Kristal makes the interesting point that this dynamic isn’t necessarily related to the much more studied phenomenon of rising income inequality. Income inequality could increase if one group of workers captured most of the wage gains, which would keep the overall labor share of income constant. And as Kristal wryly notes, studies of income inequality “tend to identify the capitalist class as a subset of the self-employed.”
In attempting to explain the changing fortunes of labor, economists are generally inclined to reach for explanations rooted in the market rather than the political sphere. Thus, as Kristal explains, the two leading explanations for the declining labor share of income have been technology (i.e., the adoption of labor-saving production techniques) and worker bargaining power (declining unionization, competition from abroad). But workers can alter their share of income by political means that go beyond the immediate power of unions in wage bargaining. When social democratic parties are in power, they can shift income shares by shielding workers from market forces, expanding public employment, and regulating the workplace, as well as by taking steps to strengthen labor unions.
Kristal attempts to capture these dynamics with a regression-based analysis, in which labor’s income share in a given year is predicted based on both economic and political variables. Changes in productivity, inflation, unemployment, union power, the strength of left parties in government, and several measures of economic globalization are all combined in the model. To quote from Kristal’s conclusion:
Labor’s share of national income increased in the 1960s and 1970s due to unions organizing new members, the surge in strike activity, and the consolidation of the welfare state. These factors all increased labor’s compensation faster than the economy’s income. Labor’s share declined since the early 1980s with the decline in unionization rates and levels of strike activity, stagnation in government civilian spending, and bargaining decentralization. Labor’s capacity to influence state policies has also declined across countries, and governments’ targets of full employment have been abandoned in favor of labor market flexibility and low inflation. The current decline in labor’s share of the national income can also be traced to an increase in imports from developing countries and the increased presence of foreign affiliates of multinational firms.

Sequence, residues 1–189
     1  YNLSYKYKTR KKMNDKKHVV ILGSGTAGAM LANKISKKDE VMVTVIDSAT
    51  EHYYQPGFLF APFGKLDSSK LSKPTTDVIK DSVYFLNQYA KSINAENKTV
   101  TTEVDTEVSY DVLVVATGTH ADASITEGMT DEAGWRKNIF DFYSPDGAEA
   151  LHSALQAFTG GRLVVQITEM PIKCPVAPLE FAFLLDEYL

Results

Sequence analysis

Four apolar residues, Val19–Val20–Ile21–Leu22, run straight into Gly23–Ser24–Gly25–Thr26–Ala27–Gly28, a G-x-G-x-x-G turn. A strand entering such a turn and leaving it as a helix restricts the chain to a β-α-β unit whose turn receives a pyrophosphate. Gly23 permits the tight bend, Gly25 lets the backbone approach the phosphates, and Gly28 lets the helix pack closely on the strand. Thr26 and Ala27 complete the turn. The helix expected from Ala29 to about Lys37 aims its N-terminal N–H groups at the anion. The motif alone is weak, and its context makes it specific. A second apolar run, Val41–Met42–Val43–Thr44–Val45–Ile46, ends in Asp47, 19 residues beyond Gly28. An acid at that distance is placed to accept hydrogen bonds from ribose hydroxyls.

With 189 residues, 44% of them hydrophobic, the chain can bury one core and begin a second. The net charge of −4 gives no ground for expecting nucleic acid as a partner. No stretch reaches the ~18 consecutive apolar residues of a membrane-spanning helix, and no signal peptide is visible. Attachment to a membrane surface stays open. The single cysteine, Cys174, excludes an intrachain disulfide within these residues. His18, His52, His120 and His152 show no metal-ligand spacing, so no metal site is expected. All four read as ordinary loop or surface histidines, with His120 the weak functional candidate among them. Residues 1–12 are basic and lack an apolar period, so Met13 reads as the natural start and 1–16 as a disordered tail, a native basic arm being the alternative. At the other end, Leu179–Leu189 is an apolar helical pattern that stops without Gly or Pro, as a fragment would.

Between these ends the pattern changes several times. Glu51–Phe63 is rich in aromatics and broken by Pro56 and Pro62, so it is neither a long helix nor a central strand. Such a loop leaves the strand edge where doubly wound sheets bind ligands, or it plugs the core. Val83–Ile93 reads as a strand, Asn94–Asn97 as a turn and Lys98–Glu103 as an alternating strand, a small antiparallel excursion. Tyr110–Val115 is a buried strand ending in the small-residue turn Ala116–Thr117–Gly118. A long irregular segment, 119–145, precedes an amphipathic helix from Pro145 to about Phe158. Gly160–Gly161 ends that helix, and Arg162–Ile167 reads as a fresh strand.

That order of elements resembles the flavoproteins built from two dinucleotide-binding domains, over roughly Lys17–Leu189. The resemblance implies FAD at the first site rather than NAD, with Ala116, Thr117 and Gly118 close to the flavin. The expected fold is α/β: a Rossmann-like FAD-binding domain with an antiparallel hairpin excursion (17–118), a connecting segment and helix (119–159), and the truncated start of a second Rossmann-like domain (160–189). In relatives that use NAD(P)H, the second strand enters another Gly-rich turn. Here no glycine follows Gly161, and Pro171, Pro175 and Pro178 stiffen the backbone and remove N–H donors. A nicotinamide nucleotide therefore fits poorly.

Technology, meanwhile, looks like it is not an independent source of labor’s diminishing share. That is, while increasing productivity is associated with a lower labor share of income, this association has always been present, even in the earlier periods when productivity growth and income growth matched up in the aggregate. What has changed is the countervailing political factors that used to ensure that a share of economic growth was paid out to workers.
You can question some of the particulars of the modelling that leads to this conclusion, and in general it’s hard to disentangle the causal relations in this kind of bird’s eye view quantitative analysis. But as an overall correlational picture of what’s happened to labor in the past 50 years, I think there’s a lot in this analysis that people can learn from–maybe even economists.